Jazz in Black and White: Herman Leonard irradiates the swing era in photo

Put on your flashiest suit, shine up your pointiest shoes, and spark up a Lucky Strike ’cause we’re about to go back to a time when cats played the murky clubs on piano, drums and horns among an opaque cloud of smoke. Offsetting the omnipresence of pain during the 1940s and the US involvement in WWII, music gave people hope for brighter days and a quick end to Hitler’s fascist regime. Digging deep inside their souls, artists devised a musical language called jazz based on the principles of swing and improvisation. Now samples of their tunes appear on hip hop and pop records as well as on commercials.

Caught in an abstract reality of smoke, light and music, greats like Billie Holiday, Frank Sinatra, Dizzy Gillespie, Miles Davis, Ella Fitzgerald, and Duke Ellington have been immortalized in black and white photographs by renowned photographer Herman Leonard, currently on view at the Barbara Gillman Gallery

The space provides an intimate introduction to these nocturnal images frozen in time by Leonard’s lens. With its cleverly claustrophobic and enormously effective set-up- a small staircase with each of the pictures adorning the wall-you’re forced to take in the most intimate aspects of each shot.

As each of his subjects are in some way cloaked in mystery by the darkness of the room around them, light and shadow play an integral part in Leonard’s photography. The figures appear idolized and surreal in their poses but never devoid of raw human emotion, whether your looking at Frank Sinatra’s legendary smile exuding genuine delight or Billie Holiday’s face as she sings so passionately into the microphone.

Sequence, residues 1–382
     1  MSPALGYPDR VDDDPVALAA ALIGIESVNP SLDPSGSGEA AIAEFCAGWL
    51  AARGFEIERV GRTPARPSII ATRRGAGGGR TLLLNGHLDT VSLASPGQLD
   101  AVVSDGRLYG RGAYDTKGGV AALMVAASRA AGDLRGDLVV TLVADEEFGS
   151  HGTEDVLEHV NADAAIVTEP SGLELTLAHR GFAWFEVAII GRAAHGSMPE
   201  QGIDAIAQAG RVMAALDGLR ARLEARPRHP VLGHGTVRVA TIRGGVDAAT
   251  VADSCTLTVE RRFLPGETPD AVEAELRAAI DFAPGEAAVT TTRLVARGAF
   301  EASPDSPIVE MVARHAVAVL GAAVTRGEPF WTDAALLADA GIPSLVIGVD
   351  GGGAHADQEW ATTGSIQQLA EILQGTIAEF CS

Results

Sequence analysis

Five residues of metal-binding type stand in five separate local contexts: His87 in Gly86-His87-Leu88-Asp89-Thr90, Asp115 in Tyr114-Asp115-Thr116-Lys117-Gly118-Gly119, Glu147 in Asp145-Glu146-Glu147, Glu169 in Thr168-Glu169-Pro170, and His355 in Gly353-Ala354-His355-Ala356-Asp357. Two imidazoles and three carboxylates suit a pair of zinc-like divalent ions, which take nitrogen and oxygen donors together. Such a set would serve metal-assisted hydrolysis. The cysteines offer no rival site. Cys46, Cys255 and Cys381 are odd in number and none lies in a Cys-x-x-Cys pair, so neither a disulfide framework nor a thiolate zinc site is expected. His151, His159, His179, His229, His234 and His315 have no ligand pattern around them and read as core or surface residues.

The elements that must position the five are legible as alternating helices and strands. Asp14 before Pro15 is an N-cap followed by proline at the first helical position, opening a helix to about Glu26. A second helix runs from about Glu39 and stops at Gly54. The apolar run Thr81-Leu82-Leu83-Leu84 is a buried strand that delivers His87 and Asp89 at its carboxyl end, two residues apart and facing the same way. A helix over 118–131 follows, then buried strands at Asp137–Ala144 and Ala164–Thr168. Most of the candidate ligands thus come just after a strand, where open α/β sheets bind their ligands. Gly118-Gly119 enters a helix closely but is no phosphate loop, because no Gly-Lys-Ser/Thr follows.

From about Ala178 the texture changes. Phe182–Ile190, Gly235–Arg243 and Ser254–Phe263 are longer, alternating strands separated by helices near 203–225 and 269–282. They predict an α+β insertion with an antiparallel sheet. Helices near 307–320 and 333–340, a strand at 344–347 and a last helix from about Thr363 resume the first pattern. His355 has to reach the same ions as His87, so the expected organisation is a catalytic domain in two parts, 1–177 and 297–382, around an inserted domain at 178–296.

In the ’40s, the correlation between cigarettes and lung cancer was hardly in public knowledge. Everyone smoked back then to soothe their nerves and the bright texture of this smoke is evident in many of Leonard’s photos. An especially poignant picture features an illuminated Billie Holiday set against a darkened background. She moans sensually into a microphone as smoke twists elegantly over her left shoulder. Her hands reach forward slightly, almost grasping the mic pole but stopping short with fingers curled and ready. Her face is wrenched with so much emotion that you can almost imagine her channeling the intense pain of her life by belting out “Strange Fruit” as you inspect the photo.

Another look into Leonard’s artistry of the camera is one shot from 1948 of Dexter Gordon at the Royal Roost in New York City. Sitting with legs crossed, his cigarette, mostly ash and almost smoked to the filter, dangles from his left hand resting gently on the sax in his lap. His head is tilted slightly back as smoke unfurls from his mouth across to the other side of the room.

Herman Leonard has captured the part of jazz that people often talk about when speaking of the beginning of an era in musical recreation. He has caught each emotion of both the artist and the era and turned them into photos that affect not only the senses, but the soul of the musician in each of us as well.

Images of Jazz is on view at the Barbara Gillman Gallery, 5582 NE Fourth Ct. #5, Miami. Call 305-759-9155 for an appointment.

Chris Howard can be reached at BBHMM3234@aol.com.